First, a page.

J.D: For obvious reasons to anyone who has read the novel, I loved writing chapter 18. Lucas is gorgeous so playing up his features was not a hard task to say the least. I think every girl dreams of a Lucas climbing through their bedroom window at one point or another.

Ty: How did you come up with the title?

J.D: When I first decided to write the Bloodlines series, I literally wrote down the entire storyline from start to finish. I had decided early on what names each book would bear. Every title ties into the events of each particular book, though they often only make sense once the reader reaches the end.

Ty: What project are you working on now?

J.D: At the moment, I’m working on completing the Bloodlines series. It’s still early to say where my writing will take me after.

Ty: What has been the toughest criticism given to you as an author? What has been the best compliment?

J.D: It takes thick skin to be part of the publishing industry. Authors face criticism on a daily basis and it’s not always pretty. Though I’ve been fairly lucky so far, I have had a few bad reviews. The toughest criticism I’ve received wasn’t so much criticism so much as general dislike. The reader just didn’t like the book. And that’s ok. Because as much as I’d like to, I can’t please everyone. Thankfully, I’ve also had many great reviews and feedback. I’ve been extremely fortunate so far and I can’t help but think that I have the best fans. My favorite so far has been receiving fan art. I love to see a reader’s interpretation of the characters and story through photos. It’s so surreal!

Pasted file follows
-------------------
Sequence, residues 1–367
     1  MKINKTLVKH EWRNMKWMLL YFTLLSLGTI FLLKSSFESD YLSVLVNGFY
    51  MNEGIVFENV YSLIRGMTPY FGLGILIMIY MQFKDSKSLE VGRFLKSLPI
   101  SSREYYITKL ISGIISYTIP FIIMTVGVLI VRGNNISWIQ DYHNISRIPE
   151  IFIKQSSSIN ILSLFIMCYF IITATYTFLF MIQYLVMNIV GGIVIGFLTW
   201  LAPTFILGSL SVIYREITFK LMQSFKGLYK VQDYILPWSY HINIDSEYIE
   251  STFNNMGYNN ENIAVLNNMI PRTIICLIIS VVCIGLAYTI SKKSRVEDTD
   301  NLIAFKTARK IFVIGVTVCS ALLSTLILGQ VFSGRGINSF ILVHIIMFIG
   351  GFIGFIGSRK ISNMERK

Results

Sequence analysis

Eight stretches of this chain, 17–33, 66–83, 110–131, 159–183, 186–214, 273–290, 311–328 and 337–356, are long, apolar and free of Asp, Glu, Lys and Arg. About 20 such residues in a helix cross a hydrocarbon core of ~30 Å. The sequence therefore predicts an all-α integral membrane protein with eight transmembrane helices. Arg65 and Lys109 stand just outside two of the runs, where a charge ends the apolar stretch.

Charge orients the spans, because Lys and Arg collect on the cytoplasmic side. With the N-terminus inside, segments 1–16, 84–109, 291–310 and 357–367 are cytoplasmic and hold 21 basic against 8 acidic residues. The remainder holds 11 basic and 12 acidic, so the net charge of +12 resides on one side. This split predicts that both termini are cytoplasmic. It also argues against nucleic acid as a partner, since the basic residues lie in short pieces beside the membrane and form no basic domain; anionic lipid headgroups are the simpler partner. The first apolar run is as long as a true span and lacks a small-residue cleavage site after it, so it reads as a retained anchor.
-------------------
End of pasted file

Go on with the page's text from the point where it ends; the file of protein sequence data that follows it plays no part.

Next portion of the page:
Ty: Coffee or Tea?

J.D: Coffee, hands down. I’m ashamed to say I drink far too much of it, and given the choice on a deserted island, I would choose it over water.

Ty: Mac or PC?

J.D: I prefer Mac, though at the moment the three computers I own are PCs. I plan to convert once they break down.

Ty: Do you have any advice to give to aspiring writers?

J.D: Be persistent. The whole process can be overwhelming and I know many writers give up before they even begin. If writing is truly your passion, don’t give up. I know that sounds completely cheesy but it’s the truth. Publishing takes time. And above all keep writing.

Ty: Is there anything that you would like to say to your readers and fans?

J.D: Thank you! Thank you! Thank you! I can’t say it enough. The support from fans has been astounding. It’s still surprising to me that any one person aside from my mother has willingly read Silver and Stone, let alone hundreds. It’s truly heart-warming.

Ty: What did you think of this interview?

J.D: The interview was great! Very fun questions to answer.

                                                                           —-
I would like to express my deep gratitude for J.D. Thompson for an amazing interview! I am eager to review her next book in The Bloodlines series. You can check out my review of Silver and Stone if you haven’t already. Below is a synopsis of the book for those who are interested.


Welcome to high school high society hell, where last season’s slingbacks can warrant a lunch table demotion, the wrong date will knock you off the it-list and behind every pair of oversized Chanel sunglasses lies a secret people are dying to keep.

As if senior year at Weatherford Preparatory School wasn’t hard enough, sixteen year old Alexis Bardolph had to add school outcast to the curriculum.

A new found notoriety following a family scandal, her lacrosse star boy-friend dumping her for a former BFF and a string of perpetually bad hair days were among the many things going wrong in her already turbulent teenage life.

But when the haunting nightmares that have plagued her since childhood begin to take an eerily tangible form and several Holler Creek residents are reported missing, Alexis can’t help but wonder if there isn’t more to her hellish dreams than meets the eye.

The unexpected arrival of a mysterious and dangerously handsome new student ultimately leads Alexis to troubling truths that not even her wildest imagination could have conjured.